CHIMICA Degree Programme Profile
Master Degree in CHIMICA
EHEA Second cycle, EQF level 7
Number of Years/credits
2 years; 120 ECTS
Mode of Study
*All Degree Programmes are planned and organised for full-time students. It is possible, however (without special arrangements), to proceed through the course of study at one's own pace. This makes it possible, if necessary, to accommodate employment or other non-university activities or obligations.
Name of the Course Director and other contact information
President of the Degree Course Council:
Prof. CHIARA GABBIANI
Department of CHIMICA E CHIMICA INDUSTRIALE
Internationalization Coordinator (CAI):
Prof. Antonella Petri
Language of Teaching
Italian First cycle qualification (Laurea) or foreign equivalent in the same or related subject area.
Possible assessment prior knowledge and competences
The assessment of the necessary competences acquired in First Cycle studies needed to be admitted to Master Programme in Chemistry will be in charge of the Coordinator of the Chemistry Course together with a dedicated Commission who will assess whether missing curricular requirements have been acquired as a lateral contribution to other disciplines or as an extra-curricular contribution. If the Commission considers sufficient the level of knowledge and skills of the student, it will make a judgment of eligibility, enabling entry to the Master Programme.
Required knowledge and competences support programmes
Students whose curricula have been judged not sufficient, will take extra first cycle course units before admission.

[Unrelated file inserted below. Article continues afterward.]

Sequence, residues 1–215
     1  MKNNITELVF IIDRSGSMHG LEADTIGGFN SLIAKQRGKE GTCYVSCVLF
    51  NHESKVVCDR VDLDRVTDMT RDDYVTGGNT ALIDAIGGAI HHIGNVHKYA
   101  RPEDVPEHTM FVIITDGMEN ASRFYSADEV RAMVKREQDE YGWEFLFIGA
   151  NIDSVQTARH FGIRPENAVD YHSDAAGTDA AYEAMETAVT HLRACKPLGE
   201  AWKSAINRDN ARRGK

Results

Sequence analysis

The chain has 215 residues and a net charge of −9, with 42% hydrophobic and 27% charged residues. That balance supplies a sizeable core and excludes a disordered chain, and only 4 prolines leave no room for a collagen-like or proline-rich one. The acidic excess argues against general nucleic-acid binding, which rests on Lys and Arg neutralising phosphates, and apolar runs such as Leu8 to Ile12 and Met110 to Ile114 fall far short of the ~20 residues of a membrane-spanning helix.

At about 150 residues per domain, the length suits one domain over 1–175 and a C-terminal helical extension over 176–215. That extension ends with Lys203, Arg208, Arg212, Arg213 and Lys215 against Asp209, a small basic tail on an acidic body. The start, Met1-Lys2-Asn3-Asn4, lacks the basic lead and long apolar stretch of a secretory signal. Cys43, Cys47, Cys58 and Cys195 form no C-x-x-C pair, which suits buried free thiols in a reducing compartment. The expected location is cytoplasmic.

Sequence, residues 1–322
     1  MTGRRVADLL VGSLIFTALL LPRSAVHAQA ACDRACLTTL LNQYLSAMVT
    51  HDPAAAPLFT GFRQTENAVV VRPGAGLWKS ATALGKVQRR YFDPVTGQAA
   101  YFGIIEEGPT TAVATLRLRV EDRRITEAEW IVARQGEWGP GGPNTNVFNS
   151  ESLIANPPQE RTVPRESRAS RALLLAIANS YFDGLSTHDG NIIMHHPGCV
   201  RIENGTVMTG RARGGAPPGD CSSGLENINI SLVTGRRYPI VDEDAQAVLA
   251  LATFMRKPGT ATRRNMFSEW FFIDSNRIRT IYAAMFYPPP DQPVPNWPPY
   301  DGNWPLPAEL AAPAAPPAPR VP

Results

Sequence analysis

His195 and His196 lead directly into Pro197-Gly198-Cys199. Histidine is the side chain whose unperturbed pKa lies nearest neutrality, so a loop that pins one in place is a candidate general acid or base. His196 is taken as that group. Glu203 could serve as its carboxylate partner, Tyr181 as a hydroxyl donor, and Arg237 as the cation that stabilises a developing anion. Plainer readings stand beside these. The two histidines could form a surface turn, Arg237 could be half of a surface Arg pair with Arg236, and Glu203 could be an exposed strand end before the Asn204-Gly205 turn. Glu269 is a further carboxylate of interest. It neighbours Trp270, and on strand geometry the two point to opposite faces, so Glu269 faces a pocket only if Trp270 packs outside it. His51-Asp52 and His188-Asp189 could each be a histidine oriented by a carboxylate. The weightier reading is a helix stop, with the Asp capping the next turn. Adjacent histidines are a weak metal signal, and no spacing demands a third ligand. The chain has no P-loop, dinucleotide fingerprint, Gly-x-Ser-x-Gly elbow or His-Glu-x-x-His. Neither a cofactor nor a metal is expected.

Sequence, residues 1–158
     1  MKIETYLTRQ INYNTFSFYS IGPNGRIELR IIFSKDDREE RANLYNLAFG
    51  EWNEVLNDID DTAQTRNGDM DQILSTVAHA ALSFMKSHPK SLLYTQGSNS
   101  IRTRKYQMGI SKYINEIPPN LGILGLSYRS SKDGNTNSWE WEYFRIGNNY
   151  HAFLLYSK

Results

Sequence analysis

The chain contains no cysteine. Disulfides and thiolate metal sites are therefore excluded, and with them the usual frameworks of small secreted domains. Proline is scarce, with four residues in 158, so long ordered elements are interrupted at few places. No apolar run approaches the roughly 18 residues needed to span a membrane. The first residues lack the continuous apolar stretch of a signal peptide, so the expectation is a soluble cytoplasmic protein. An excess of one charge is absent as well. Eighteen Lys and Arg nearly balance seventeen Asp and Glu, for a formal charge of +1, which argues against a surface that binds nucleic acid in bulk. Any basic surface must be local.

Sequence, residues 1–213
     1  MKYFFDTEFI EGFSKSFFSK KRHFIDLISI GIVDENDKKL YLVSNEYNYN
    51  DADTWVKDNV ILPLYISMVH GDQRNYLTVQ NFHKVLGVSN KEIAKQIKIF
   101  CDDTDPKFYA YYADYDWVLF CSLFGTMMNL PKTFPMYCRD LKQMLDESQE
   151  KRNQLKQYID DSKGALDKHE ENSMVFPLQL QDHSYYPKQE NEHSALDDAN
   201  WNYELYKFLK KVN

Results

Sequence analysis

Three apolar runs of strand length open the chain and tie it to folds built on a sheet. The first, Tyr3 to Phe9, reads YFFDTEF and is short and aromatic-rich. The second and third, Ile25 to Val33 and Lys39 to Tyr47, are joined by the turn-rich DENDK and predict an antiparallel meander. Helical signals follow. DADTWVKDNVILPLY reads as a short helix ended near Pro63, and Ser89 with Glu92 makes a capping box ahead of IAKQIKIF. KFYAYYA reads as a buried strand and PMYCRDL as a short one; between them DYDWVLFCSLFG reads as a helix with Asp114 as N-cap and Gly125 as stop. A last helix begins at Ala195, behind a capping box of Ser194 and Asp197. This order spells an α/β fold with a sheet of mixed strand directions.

The students of the Master Programme in Chemistry complete their general knowledge in all the main areas of chemistry, including industrial chemistry, and specialise in one of the four classical fields (analytical, inorganic, organic and physical chemistry) by choosing the corresponding curriculum. The specialized courses include extensive laboratory practice, in order to get a high degree of working knowledge in the chosen field. During the second year, nine months are devoted to the thesis work.
Key Learning Outcomes
Besides a deep knowledge in all the main areas of chemistry, the student of the Master Programme in Chemistry will get advanced competencies and technical skills in specialized fields, through the courses belonging to the chosen curriculum and the thesis work.
Among the fields of chemistry that characterize the educational offer of the Master course as well as the research activities of the Chemistry Department, we quote:
- instrumental techniques in analytical chemistry, with focus on environmental and biomedical applications;
- analytical investigation and conservation techniques for the cultural heritage;
- theoretical and computational chemistry;
- biophysical chemistry;
- materials science, with focus on polymer chemistry and biomedical applications;
- coordination compounds, metal clusters and catalysis;
- organic synthesis, with focus on enantioselectivity and chiral properties and on naturally occurring compounds;
- optical and NMR spectroscopy, with focus on solid state, liquid crystals and soft matter.
Occupational Profile/s of Graduates